• Jeanne

       /  March 19, 2011

      I work with a licensed rescue in GA and am not aware of a crackdown on rescues by the DOA or shelters not being allowed to send dogs on transport. It’s been pretty much business as usual. Also I’m not aware of HSUS ever having any influence over DOA policies, although they work with some GA humane societies like Atlanta Humane.
      If there have been internet rumors of a crackdown, I don’t think there’s any real substance to them.

      Reply
    • Anne

       /  March 20, 2011

      My shelter also works with Georgia Puppy Pipeline and we also have not heard of any ‘crackdown’
      we received a transport last week

      Reply
  5. db

     /  March 19, 2011

    May the fleas of a thousand camels . . .
    my wish for Kimberly Alboum and others of her ilk. Dead animals don’t get a second chance for life – period! Dead is better? It boggles my brain to try and understand how a human being can even entertain such thoughts.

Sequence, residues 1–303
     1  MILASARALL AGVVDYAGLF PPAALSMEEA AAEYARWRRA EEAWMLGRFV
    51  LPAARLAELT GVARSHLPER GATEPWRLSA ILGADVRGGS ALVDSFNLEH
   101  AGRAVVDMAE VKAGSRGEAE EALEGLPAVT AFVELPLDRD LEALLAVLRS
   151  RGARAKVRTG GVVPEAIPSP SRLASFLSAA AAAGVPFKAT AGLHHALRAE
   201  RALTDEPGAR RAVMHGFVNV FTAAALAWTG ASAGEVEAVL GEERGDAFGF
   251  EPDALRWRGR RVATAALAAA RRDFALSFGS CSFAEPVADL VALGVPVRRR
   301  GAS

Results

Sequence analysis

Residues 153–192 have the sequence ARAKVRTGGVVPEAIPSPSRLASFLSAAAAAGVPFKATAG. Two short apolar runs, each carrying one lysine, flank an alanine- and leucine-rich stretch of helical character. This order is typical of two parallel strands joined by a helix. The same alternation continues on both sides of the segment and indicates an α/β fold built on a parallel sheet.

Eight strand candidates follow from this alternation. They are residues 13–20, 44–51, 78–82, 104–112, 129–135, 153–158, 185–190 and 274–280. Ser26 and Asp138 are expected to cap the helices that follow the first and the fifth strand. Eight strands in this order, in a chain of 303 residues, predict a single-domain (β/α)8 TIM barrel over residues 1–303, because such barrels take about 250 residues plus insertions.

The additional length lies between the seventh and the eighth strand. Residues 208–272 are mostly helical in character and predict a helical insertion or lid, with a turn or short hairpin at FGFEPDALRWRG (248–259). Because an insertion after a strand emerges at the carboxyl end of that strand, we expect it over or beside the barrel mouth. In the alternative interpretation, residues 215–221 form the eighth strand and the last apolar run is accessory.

Reply
  6. Jeanne

     /  March 19, 2011

    My favorite part of the article is at the end–

    “The American Society for the Prevention of Cruelty to Animals plans to have standards and guidelines on transports by the end of the year, covering issues from veterinary care to making sure animals aren’t being driven hundreds of miles when adoptive homes can be found nearby.

    “A single dog in a car is probably manageable, but anything more than that you need to know what you’re doing,” President Ed Sayres said.”

    Ed Sayres to the rescue! Where would we be without the wisdom of the ASPCA? And this is right after they quote transport coordinator Mary Blake–one of the best and most careful around and someone I’ve worked with for years. Uh, I believe she knows what she’s doing.

    Reply
    • I especially like the idea that the ASPCA – who *opposes Oreo’s Law* which would make rescue access to shelter pets a legal right in NY – is going to lay down the rules regarding rescue transports across the country. Oh yeah and if you’re transporting just one dog – well, whatever – one dog is expendable.

      Reply
      • Erica

         /  March 20, 2011

        I, too, found that bit about Ed a little “funny”. ASPCA doesn’t want Oreo’s Law to get passed – so no rescues to help there, but the ASPCA is doing the standards & guidelines for transports???? They’ve already proven they are NOT rescue friendly and don’t play well with others in the sand box, yet they think they are going to jump ahead in line and set the policies for transports…..okay, ummmm maybe Ed needs to be transported somewhere far away with no access to another animal and then we’ll talk.